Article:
The Polar Extremes Of The Nutritional World
This series is aimed at showing the key advantages that a meat-based approach has over an all-plant strategy. It’s interesting, and more than a little tricky to navigate, because both sides have cult followings at this point. So any article on this topic has to be labeled as controversial. And I’m absolutely fine with that.
Part one weighed up the possible risks in restricting yourself to a vegan diet. The short version? Plants don’t like to be eaten, and all contain some level of toxicity. Compounds like lectins and phytic acid can cause inflammatory cascades in the body, while serving up a double whammy by impairing the absorption of nutrients from foods.
Does that mean you’re better off taking plant products off the menu? One could easily argue that it’s the dose that makes the poison, and that some unfortunate people are just more susceptible to inflammation than the majority. While that’s a fair point, a healthy vegan diet is naturally going to include high doses of plant foods. If plants are toxic, then there’s going to be no hiding from the downsides.
Meat As A Superfood
But rather than focusing on the omissions, we’ll look at what’s included in a carnivore diet. I’ve created a food pyramid here that lays out the options in a meat-based approach. There’s a caveat here, because this pyramid isn’t canon. It’s very much something I’ve dreamed up.
Food Choices On Carnivore
True carnivore would exclude all products that aren’t made from animals, and this chart does include a few foods that often get omitted. Olive oil, MCT, dextrose, low toxicity vegetables, would all get the boot.
Personally, I don’t see any harm in keeping a few odd extras, especially when dealing with ingredients that can lead to great energy and performance. MCT and dextrose have proven track records in the workout scene.
But putting the suspicious additions to the side, let’s focus on what’s really the bedrock of the carnivore diet. Take this programme on, and your main resource becomes meat and eggs. So you’re now heavily leaning on those two foods to net you the vast majority of your nutritional needs.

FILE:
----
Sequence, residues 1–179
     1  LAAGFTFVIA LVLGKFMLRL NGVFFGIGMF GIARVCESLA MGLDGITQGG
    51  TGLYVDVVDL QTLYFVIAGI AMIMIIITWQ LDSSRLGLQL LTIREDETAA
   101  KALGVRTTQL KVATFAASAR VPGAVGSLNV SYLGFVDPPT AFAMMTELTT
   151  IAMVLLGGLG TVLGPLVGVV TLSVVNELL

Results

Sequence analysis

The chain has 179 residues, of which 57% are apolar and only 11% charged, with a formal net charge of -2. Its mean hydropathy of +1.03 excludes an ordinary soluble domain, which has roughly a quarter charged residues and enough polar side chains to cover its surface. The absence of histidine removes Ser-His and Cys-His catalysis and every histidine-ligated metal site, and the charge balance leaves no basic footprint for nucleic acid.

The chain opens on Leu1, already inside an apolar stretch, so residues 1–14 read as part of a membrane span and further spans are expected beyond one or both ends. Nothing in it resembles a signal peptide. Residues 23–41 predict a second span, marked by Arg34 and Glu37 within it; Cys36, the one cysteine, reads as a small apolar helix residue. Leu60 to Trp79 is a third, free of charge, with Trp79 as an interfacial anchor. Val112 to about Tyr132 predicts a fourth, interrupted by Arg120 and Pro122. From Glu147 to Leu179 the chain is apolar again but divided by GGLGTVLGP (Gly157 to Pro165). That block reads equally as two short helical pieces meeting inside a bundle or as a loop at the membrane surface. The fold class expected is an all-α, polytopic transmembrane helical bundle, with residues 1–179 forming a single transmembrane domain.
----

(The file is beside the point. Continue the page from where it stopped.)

Meat Is A Complete Nutritional Source
Thankfully, they’re both powerhouses. You can even take this to the point where meat and eggs are the only foods allowed on your plate. A pinch of salt, a glass of water, and you’ll be set, with all your nutritional requirements ticked off in one swoop.
Obviously, this is controversial to some, but meat and eggs really can complete the RDA chart. You may still need to rotate between muscle meat and organs, while seeking out pastured eggs, especially if you’re looking to build the optimal diet.
And it’s optimal that we should really be in search of here, so we need to be looking for more than ticking off the RDA boxes. It’s great if a meat-based approach can help you ward off diseases and deficiencies, but that’s doesn’t necessarily make you a better athlete, or just a generally competent human being. And that’s where meat can bring some extra firepower to the table.
Meat Is More Bioavailable
As mentioned in the opener of the carnivore vs herbivore series, plants in a separate biological category to animals. Ignoring the fuss about toxins and antioxidants, this structural difference is going to play a huge role in deciding the digestive efficiency of incoming nutrients. The vitamins, minerals, and macronutrients simply aren’t going to be picked up as well as their animal counterparts.
As a protein source, the quality and availability in animal foods are dramatically better to plant products, even when you’re picking up vegan protein powders. Practically, you’re having to eat a lot more in order to get near the same levels. Which can be either an inconvenience or downright impossible.
Vitamins and minerals also display significant differences in absorption. Vitamin K for example, has a separate structural profile across animals and plants, K1 and K2. K2 is found commonly in eggs, and has an absorption rate ten times that of the K1 you’re getting from spinach.